Here’s How Food Service Facilities Can Reduce Zika Virus Infections

Zika is gradually becoming a global problem and everyone must be aware of prevention methods, especially food safety and food service industry professionals. The Zika virus is transmitted in humans when bitten by an infected Aedes species mosquito. According to the U.S. Centers for Disease Control and Prevention (CDC), those most at risk include anyone who lives in or travels to an area where the Zika virus has been found, and anyone who has not been previously infected with the virus.

You may ask, what does a mosquito-borne infection have to do with food safety? It may have a lot to do with you if you are located or traveling to these areas or you are in the food service industry in these areas: Zika-impacted regions of Central and South America; the Commonwealth of Puerto Rico; the U.S. Virgin Islands; and American Samoa. And in the way it’s spreading, it may soon reach North America. So, if you’re operating in these areas, you may work closely with local officials to reduce the risk of Zika virus infection by doing the following:

Educate staff members about risk factors: The mosquito that can carry the Zika virus is a daytime bloodsucker. Other mosquitoes that carry different diseases bite in the night, but the one carry the deadly Zika is a daytime biter.  So take special precautions to avoid being bitten in the day.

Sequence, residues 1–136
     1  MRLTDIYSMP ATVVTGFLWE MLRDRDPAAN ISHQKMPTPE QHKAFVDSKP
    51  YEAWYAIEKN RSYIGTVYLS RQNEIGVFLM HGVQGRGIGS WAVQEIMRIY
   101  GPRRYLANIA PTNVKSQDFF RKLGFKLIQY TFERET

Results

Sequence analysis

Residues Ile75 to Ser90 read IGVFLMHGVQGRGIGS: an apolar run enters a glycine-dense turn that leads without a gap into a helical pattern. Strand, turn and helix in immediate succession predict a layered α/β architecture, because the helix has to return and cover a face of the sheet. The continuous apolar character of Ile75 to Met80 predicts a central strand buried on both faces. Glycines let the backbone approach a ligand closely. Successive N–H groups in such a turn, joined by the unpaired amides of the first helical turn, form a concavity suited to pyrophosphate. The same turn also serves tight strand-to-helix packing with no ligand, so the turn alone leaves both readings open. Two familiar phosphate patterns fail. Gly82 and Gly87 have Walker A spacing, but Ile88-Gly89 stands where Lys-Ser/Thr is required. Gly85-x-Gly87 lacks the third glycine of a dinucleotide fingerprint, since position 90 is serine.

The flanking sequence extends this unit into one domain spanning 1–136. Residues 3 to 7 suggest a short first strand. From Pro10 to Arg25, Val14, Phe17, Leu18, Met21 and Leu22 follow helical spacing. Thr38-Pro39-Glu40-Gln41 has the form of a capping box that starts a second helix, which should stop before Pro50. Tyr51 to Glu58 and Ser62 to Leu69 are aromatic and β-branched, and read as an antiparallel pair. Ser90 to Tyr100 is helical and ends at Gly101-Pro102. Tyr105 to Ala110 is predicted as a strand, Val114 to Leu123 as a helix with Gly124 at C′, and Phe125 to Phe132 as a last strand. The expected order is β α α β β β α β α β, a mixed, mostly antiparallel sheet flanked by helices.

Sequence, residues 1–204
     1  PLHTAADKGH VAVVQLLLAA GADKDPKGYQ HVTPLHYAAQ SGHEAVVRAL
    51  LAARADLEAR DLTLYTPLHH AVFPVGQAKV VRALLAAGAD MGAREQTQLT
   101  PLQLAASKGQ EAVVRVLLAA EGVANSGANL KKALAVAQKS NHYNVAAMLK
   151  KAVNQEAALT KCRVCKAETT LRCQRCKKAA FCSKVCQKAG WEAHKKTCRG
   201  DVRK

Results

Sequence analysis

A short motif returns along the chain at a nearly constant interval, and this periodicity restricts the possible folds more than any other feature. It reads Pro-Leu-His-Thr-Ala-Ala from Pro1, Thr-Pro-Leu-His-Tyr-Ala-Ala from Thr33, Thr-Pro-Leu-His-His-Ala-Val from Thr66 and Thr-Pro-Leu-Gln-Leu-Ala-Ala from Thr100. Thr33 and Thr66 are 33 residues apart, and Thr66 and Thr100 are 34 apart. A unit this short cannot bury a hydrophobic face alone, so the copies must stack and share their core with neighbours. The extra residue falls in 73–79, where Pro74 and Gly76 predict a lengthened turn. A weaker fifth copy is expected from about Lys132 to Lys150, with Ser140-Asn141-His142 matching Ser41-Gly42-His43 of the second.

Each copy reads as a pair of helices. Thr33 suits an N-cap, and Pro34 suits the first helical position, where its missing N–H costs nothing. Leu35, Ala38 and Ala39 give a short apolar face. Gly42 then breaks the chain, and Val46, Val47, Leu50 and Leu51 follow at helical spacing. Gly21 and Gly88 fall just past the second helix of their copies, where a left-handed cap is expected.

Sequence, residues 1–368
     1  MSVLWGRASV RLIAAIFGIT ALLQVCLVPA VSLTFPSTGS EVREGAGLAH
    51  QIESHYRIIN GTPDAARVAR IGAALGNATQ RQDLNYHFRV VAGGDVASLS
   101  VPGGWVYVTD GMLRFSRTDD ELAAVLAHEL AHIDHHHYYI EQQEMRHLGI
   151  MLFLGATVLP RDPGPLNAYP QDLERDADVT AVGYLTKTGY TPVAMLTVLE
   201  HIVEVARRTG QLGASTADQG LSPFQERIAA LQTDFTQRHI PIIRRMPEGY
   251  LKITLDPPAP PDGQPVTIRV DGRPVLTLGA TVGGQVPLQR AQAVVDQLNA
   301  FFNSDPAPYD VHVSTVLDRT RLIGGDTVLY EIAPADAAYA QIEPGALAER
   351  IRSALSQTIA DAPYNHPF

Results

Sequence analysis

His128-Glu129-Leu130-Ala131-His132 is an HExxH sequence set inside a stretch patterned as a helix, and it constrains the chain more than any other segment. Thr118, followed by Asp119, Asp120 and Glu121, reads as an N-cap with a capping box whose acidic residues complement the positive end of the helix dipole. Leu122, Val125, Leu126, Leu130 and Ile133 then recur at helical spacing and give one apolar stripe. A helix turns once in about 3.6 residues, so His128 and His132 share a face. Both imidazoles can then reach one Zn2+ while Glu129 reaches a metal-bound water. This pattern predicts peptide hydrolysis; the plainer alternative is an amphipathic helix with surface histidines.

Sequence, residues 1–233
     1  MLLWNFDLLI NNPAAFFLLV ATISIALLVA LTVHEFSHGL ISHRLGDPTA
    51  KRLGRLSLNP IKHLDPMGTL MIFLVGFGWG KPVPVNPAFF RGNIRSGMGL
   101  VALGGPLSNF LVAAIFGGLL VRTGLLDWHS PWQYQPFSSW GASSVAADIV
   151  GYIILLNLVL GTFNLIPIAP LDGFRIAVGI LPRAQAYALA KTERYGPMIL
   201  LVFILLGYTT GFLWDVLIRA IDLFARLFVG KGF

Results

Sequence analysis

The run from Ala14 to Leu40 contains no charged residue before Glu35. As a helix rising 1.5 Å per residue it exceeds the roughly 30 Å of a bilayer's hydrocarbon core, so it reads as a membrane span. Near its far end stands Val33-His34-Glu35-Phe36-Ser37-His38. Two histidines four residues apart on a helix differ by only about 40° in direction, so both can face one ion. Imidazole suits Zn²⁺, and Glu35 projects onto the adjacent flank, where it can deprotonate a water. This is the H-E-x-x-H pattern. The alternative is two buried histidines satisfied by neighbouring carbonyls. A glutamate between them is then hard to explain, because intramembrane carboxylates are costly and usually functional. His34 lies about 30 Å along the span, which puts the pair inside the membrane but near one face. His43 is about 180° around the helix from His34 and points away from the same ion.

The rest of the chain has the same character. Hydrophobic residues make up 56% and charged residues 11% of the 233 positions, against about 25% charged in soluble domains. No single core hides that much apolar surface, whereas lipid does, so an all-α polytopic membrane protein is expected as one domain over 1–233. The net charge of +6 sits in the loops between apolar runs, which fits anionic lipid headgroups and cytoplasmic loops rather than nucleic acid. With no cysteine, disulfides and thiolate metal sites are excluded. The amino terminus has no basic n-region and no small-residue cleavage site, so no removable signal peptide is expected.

Reduce staff and customer exposure to mosquito bites: Staff who are serving customers outside should consider wearing long sleeves and pants and use an appropriate (mosquito) insect repellant. The use of window and door screens is also recommended.

Eliminate breeding grounds: Mosquitos are known to breed near any source of standing (fresh) water. To help reduce the number of mosquitos inside and outside building’s, empty standing water from containers such as flower pots, or buckets, even old tires and trash. Consider a community-wide effort to remove trash from streets and vacant lots, as small amounts of standing water in trash can serve as breeding grounds for mosquitoes.

Since Zika is still a health issue that the public does not know a lot about, it is suggested that consumers follow the official advice of local health authorities, along with information passed down by the CDC.


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